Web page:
I have more complaints, but these three will do for now. There were some good points to the game, like the banter between characters, but not enough to outweigh the core disappointment of the overall experience. I am not a big fan of review scores, so I am not going to put a score on here, but I wouldn't recommend the game to someone who is a Mass Effect fan...I wouldn't even recommend it to someone who is coming into the series for the first time. It just isn't as compelling as the previous games in the series.

-Kyle

Travis' Views on Mass Effect: Andromeda


No matter what Kyle tells you, I've been a Mass Effect fan longer than he has. That said, we're in complete agreement that this game is a major letdown. Since he laid out the issues with the repetitive map design, the bewildering and aggravating control/interface design, and the self-interrupting garbled nonsense of the story, I'll keep my thoughts nice and short: Mass Effect: Andromeda is a piece of trashware.

Mass Effect as a game, and as a series, is about exploration, adventure, and making hard choices to protect your loved ones and the people you are responsible for. It's about delving into the shadowy depths of the galaxy, dropping onto dead worlds to pursue pirate scum, about holding the line against bullies, and ultimately about forging alliances between individuals and nations because we're stronger together than we are in pieces. So where is the grand sense of adventure? The kinetic and frenzied combat? The wonder of exploring the galaxy?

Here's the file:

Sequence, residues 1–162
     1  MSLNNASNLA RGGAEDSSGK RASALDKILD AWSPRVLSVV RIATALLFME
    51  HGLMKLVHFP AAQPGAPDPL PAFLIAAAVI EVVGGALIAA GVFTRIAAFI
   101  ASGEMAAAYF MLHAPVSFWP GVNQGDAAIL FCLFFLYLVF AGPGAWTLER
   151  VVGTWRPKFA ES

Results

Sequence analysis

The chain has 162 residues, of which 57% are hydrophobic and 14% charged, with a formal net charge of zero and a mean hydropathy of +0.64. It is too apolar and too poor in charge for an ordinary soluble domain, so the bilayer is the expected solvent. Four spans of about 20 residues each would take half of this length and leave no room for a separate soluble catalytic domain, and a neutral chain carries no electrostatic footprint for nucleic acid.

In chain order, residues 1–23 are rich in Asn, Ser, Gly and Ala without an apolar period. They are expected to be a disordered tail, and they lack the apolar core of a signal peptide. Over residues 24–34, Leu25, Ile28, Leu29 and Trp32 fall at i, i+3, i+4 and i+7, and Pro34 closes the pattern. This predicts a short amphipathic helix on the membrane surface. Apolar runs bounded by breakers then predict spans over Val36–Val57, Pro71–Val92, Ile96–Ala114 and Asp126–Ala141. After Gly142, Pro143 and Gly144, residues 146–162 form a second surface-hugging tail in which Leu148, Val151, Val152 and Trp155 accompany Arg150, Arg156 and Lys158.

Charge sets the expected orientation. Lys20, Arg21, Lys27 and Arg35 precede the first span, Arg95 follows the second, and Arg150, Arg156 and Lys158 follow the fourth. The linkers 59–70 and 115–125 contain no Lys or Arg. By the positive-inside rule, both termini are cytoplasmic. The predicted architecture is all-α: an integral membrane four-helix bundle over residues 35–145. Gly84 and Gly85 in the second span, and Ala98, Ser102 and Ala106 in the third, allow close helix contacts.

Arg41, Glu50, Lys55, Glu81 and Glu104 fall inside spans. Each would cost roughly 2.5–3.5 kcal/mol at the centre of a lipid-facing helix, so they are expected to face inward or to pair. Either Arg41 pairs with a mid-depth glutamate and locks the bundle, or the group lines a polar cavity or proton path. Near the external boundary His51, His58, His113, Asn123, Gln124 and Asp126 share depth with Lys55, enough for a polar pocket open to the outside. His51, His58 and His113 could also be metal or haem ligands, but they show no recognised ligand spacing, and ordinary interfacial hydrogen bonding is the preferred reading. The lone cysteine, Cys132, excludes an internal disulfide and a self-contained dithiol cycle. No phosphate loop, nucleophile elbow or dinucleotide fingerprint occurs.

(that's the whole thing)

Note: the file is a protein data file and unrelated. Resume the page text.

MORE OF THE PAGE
It's lost on a meandering and nostalgia-grab story that seems, sadly, more like a guilt-trip than a proper narrative. The urgency and energy of the story is butchered when the story renders Ryder, the only surviving Pathfinder for much of the game, into an interplanetary tool and resource gopher. For all it's hem and haw about grave consequences, first contact, and epic threats in the form of the Forerunner sentinels left behind in the staggeringly massive (but still somehow so small) Prothean ruins for unknown purposes, the story manages to hang itself by wrapping too many side-quests, fetch quests, NPC tasks, Nexus restoration assignments, and Strike Force missions around Ryder's neck. By distracting the player with so much unnecessary garbage, such bad top-down design, the game manages to trip and curb-stomp its own building narrative threat--in the form of the Covenant investigating the Engineer remains--and after the end of fifty or sixty undeserving hours, simply gutters out unceremoniously. It's like trying to get romantic with a ringing phone in the other room and and the neighbor committing weedbicide with a weed whacker next door while their dog yaps at the sun.

By the sweat of Thor's thighs, even the combat grows tiring after a few hours. Few of the enemies have anywhere near the firepower or fortitude to stand up to Ryder & crew, and their tactics are so simple that they seem like an artifact of generations bygone.

For all its graphical gusto, sweeping score, and earnest ennui, Mass Effect: Andromeda is a limp little game that is not worth your time or energy. It's sad, and it hurts to admit it, but the last of my goodwill was burned out while driving mindlessly across Elaaden's surface wondering how something so disappointing had taken up so much of my time.